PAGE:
In a clear indication that Washington is moving resolutely toward international action, the only request addressed to OHCHR is monitoring and reporting. Unlike the 2012 resolution, the 2013 resolution does not request OHCHR to provide technical assistance to Sri Lanka; it only “encourages” it to do so.

Implacable logic of “Responsibility to Protect” (RtoP)

The 2013 resolution subjects Sri Lanka, henceforth, to the implacable logic of the “responsibility to protect,” applicable to four specified crimes: genocide, war crimes, ethnic cleansing and crimes against humanity, as well as to their incitement. A controversial concept, it was initially conceived as the “right to intervene” by Bernard Kouchner, former Minister of Foreign Affairs of France, who participated in the 2009 operation to rescue Prabhakaran, along with US Secretary of State Hillary Clinton and British Foreign Secretary David Milliband.  

It is significant that all three pillars of this still debated concept are reflected in the latest US resolution: (1) the primary responsibility of the State to protect its populations; (2) the responsibility of the “international community” to encourage and assist States in fulfilling this responsibility; and, (3) the responsibility of the “international community” to protect in a “timely and decisive” manner when the State is unable or unwilling to do so, through “appropriate” diplomatic, humanitarian and other means, including coercive military intervention.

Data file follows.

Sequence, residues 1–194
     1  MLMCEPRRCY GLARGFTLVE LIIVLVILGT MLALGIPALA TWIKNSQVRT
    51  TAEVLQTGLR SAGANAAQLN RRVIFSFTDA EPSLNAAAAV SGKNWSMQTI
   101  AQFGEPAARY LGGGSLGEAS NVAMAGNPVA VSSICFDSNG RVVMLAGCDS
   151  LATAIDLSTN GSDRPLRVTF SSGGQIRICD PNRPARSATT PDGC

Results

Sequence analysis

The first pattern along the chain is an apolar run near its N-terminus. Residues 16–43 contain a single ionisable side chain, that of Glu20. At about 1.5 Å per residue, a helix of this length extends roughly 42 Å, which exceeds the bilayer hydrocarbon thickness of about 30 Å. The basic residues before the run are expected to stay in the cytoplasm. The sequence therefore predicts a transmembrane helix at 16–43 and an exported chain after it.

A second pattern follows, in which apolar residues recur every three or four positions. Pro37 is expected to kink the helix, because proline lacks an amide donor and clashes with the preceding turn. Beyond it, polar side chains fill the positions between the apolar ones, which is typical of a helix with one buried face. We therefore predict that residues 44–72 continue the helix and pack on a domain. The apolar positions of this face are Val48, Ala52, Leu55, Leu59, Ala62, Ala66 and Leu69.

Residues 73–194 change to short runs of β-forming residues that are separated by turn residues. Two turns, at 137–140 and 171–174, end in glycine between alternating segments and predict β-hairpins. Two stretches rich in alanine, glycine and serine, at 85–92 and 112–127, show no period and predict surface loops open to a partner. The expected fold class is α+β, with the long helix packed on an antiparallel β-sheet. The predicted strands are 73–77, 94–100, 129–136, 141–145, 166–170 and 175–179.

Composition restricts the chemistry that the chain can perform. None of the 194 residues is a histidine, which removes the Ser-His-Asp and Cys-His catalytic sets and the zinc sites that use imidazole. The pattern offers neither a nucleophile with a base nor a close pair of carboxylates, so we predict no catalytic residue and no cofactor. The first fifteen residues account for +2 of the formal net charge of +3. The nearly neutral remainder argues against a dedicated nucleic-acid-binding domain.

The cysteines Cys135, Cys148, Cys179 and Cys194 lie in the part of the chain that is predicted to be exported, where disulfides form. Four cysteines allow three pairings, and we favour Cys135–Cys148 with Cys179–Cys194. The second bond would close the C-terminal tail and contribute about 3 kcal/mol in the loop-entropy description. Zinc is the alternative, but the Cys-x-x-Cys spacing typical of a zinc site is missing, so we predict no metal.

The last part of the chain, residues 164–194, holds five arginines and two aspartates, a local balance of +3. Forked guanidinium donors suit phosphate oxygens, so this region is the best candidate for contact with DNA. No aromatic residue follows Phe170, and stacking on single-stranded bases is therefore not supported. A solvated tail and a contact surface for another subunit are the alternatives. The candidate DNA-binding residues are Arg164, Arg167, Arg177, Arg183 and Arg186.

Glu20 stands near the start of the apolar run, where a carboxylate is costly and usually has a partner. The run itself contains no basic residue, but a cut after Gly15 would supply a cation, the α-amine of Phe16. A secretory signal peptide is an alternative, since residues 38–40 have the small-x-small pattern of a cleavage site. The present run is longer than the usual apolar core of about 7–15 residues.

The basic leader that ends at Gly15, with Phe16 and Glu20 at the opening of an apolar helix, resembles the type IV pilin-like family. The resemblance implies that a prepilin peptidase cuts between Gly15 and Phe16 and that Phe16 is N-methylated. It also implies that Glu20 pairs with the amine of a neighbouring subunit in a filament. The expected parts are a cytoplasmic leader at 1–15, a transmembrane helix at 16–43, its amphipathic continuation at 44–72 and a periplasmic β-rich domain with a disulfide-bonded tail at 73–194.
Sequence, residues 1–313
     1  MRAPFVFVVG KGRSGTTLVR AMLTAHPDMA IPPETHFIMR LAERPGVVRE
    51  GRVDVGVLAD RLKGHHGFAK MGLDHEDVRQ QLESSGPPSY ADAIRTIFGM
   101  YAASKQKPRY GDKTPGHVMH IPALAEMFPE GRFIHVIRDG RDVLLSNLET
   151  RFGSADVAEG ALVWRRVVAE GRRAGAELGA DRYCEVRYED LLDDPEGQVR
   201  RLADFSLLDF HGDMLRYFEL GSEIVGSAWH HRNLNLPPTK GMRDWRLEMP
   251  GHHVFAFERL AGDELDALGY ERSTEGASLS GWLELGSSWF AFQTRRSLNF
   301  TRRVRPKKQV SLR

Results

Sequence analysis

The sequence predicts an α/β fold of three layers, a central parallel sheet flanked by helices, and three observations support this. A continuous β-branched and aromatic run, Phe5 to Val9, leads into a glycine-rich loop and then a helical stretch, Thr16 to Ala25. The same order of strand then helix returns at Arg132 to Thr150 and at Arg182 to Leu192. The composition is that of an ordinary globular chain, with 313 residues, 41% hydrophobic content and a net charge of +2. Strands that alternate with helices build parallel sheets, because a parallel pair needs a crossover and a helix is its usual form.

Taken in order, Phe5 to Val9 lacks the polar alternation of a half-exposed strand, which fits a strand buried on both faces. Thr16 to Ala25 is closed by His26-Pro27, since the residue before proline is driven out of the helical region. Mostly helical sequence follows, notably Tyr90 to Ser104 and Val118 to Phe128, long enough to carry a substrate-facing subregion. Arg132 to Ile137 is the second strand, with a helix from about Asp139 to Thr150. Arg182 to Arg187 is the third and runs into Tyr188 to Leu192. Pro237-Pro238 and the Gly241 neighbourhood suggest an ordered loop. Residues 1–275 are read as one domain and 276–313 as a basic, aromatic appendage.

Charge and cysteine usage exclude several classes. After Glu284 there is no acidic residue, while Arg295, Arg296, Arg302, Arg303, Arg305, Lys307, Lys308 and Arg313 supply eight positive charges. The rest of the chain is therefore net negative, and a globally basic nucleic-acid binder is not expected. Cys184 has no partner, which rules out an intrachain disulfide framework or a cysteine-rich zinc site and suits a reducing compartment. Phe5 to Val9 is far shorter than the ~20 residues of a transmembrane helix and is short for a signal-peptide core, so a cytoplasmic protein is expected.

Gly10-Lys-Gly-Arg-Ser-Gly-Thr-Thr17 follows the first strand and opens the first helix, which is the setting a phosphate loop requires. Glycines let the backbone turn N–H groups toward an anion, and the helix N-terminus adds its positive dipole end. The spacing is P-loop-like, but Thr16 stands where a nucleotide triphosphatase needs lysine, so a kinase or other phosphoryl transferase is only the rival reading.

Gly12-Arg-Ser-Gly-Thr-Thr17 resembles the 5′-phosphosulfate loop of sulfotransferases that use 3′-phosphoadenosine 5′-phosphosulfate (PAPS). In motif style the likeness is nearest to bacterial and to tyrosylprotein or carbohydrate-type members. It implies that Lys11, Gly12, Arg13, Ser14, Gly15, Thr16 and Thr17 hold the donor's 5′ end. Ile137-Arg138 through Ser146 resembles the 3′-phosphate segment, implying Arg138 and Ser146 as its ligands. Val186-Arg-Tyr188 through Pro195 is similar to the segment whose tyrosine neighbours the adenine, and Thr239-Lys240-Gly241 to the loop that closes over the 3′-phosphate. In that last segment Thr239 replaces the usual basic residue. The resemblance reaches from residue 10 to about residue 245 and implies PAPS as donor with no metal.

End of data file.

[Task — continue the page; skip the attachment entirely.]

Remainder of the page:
As for pillar one, the latest resolution further defines the steps the Government must take to fulfill its responsibility.

Elements of pillar two are reflected in the encouragement to OHCHR and special procedures mechanisms to provide advice and technical assistance to the Government to fulfil that responsibility. This point was also emphasised by US Ambassador Donahoe in her press statement: “The United States stands ready to assist Sri Lanka... The Office of the High Commissioner, as well as the Special Procedures, are also standing by ready to assist the government of Sri Lanka with technical assistance and capacity building so that they can move forward toward a sustainable peace and reconciliation, based on truth and accountability.”

The Charter obligation to cooperate with UN mechanisms, in accordance with articles 55 and 56 of Chapter IX on International Economic and Social Cooperation, is also reflected in the request to OHCHR to prepare the report on Sri Lanka “with input from relevant special procedures mandate holders.” Despite the trumpeting about “small victories” achieved through “amendments,” the request to OHCHR meets Washington’s objective of providing Navi Pillay with the space necessary to demonstrate that GoSL is failing in its Charter obligation, should it continue to ignore them.